Sub DatabaseLogin() 'PURPOSE: Log into Company's Database via Excel VBA & Desktop Text File Dim Username As String Dim Password As String Dim TextFile As Integer Dim FilePath As String Dim Credentials As Variant 'File Path of Text File On Error Resume Next FilePath = Environ("USERPROFILE") & "\Desktop\Credentials.txt" On Error GoTo 0 'Determine Login creditials (manual or automatic from desktop file) If FilePath = "" Then Username = Application.InputBox("Enter In Your Username") Password = Application.InputBox("Enter In Your Password") Else 'Determine the next file number available for use by the Open function TextFile = FreeFile 'Open the text file Open FilePath For Input As TextFile 'Store file content inside array variable and determine login info Credentials = Split(Input(LOF(TextFile), TextFile), ",") Username = Credentials(0) Password = Credentials(1) 'Close Text File Close TextFile End If 'Log Into Database AccessDatabase Username, Password, "CustomerDatabase" End Sub
Explaining How This VBA Macro Works
What this VBA code first does is look for a specified text file within the desktop. You can pull the unique default drive path by using the Environ function. For my computer, Environ(“USERPROFILE”) equates to C:\Users\Chris. You can then append the rest of the folder path and the file name to the Environ function to create a complete path unique to the currently running computer. An error handling statement is wrapped around this line of code in case the user does not have the file saved to the specific location you designate (in which case they will need to manually enter their login information).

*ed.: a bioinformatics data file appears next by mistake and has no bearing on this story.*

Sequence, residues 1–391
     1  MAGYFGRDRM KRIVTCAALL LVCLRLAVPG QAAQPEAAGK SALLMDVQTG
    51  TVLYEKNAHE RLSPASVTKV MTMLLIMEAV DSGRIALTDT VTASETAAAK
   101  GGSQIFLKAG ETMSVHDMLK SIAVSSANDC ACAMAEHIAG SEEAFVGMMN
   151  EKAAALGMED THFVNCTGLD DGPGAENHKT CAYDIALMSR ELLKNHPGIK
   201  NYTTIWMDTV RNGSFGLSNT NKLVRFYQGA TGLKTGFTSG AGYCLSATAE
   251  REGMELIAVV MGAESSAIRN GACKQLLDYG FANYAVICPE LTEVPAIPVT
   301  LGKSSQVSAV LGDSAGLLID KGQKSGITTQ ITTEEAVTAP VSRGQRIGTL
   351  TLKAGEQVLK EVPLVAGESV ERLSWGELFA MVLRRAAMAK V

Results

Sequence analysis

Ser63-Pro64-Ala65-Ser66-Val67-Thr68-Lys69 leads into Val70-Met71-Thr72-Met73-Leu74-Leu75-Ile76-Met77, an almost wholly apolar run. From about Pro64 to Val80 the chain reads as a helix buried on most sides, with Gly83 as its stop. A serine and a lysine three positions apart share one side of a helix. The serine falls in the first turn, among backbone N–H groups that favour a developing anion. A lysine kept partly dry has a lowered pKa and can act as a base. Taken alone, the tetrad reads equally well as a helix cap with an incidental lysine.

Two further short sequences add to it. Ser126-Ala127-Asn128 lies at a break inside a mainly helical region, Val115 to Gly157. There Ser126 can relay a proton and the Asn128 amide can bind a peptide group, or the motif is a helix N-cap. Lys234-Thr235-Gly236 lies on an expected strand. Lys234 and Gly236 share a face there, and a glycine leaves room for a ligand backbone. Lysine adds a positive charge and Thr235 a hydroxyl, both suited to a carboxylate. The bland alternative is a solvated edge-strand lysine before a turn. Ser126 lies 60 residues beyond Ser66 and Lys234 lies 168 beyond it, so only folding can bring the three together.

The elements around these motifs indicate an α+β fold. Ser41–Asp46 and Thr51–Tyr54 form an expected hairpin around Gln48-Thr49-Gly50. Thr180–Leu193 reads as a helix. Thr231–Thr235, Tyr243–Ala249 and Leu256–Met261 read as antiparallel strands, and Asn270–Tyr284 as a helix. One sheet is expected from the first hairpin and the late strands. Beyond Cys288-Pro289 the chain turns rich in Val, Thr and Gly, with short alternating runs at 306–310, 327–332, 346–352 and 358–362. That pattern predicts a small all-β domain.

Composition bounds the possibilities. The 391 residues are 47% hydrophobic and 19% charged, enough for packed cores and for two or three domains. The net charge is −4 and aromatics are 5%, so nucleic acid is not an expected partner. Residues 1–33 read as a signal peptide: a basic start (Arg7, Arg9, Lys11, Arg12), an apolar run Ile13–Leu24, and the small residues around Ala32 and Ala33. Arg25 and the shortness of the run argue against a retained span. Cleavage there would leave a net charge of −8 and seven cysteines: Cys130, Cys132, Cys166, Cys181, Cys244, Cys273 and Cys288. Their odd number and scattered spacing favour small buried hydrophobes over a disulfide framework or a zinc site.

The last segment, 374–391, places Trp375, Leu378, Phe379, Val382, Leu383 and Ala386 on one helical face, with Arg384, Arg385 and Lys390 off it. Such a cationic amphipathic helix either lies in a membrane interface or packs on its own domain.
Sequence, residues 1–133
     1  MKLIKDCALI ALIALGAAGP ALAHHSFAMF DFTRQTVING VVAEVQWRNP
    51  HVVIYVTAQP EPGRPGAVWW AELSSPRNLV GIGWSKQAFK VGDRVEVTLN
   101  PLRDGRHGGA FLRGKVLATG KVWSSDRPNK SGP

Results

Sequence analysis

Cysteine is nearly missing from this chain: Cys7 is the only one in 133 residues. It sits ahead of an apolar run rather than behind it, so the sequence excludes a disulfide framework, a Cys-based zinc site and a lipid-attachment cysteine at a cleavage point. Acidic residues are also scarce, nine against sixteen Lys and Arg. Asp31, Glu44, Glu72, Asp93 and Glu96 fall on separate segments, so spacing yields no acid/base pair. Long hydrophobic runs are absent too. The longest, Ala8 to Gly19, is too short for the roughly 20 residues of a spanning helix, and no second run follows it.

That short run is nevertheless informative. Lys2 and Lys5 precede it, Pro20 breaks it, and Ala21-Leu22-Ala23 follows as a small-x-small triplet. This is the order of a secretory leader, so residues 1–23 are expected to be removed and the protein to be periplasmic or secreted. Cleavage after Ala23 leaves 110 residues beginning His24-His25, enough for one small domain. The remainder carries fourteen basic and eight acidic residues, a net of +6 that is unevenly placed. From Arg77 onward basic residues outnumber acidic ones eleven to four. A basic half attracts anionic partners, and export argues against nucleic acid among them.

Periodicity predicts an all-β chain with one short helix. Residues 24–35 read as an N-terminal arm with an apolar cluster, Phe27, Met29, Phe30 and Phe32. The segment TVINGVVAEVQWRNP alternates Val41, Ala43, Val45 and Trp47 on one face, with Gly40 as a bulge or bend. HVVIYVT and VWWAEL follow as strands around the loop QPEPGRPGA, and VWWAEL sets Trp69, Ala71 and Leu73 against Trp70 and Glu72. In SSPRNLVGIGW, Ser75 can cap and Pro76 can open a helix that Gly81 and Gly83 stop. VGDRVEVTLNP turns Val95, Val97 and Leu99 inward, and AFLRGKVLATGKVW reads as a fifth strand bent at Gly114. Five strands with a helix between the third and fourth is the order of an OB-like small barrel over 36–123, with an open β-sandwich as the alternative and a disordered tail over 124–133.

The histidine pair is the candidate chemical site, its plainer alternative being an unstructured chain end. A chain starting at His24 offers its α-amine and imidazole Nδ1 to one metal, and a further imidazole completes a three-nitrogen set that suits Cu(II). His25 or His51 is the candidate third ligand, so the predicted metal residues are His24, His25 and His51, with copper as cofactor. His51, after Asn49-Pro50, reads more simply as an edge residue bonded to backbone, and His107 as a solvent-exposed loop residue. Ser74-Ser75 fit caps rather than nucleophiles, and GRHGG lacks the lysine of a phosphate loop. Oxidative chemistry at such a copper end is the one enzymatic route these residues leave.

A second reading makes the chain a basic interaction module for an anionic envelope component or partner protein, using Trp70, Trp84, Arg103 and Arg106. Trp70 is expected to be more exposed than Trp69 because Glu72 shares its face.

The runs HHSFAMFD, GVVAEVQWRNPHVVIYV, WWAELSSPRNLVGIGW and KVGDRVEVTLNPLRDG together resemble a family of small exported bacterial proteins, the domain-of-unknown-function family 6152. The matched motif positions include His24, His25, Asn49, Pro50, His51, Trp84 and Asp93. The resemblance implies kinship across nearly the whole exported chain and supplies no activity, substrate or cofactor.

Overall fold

'File Path of Text File
On Error Resume Next
FilePath = Environ("USERPROFILE") & "\Desktop\Credentials.txt"
On Error GoTo 0
Next, there is an IF statement to determine if the login credential file was found on the computer. If manual inputs are needed, the user will be prompted by an input box asking for the username and then the password.
'Determine Login creditials (manual or automatic from desktop file)
If FilePath = "" Then
Username = Application.InputBox("Enter In Your Username")
Password = Application.InputBox("Enter In Your Password")
'Credentials were able to be pulled from the text file
If the VBA code was able to find the text file within the designated location, it will then open up the file and extract the text stored inside. Next, a Split function is used to separate the string of text by the comma symbol. All the individual pieces left over from the split are then stored inside an array variable (think list) beginning in position zero. Here is my attempt at showing you visually what is going on:
And here is this concept coded in VBA:
'Determine the next file number available for use by the Open function TextFile = FreeFile 'Open the text file Open FilePath For Input As TextFile 'Store file content inside array variable and determine login info Credentials = Split(Input(LOF(TextFile), TextFile), ",") Username = Credentials(0) Password = Credentials(1) 'Close Text File Close TextFile
To complete the login process, you will need to know how to specifically log into your company’s database through VBA. This will typically be located in a database’s API documentation. Below are some links to examples of popular business software documentation showing how you can connect to Excel with VBA.
Feel free to help me build this list out even more by leaving a link in the comments section near the end of this article!
After 10+ years of creating macros and developing add-ins, I've compiled all the hacks I wish I had known years ago!
Chris is a finance professional and Excel MVP recognized by Microsoft since 2016. With his expertise, he founded TheSpreadsheetGuru blog to help fellow Excel users, where he shares his vast creative solutions & expertise. In addition, he has developed over 7 widely-used Excel Add-ins that have been embraced by individuals and companies worldwide.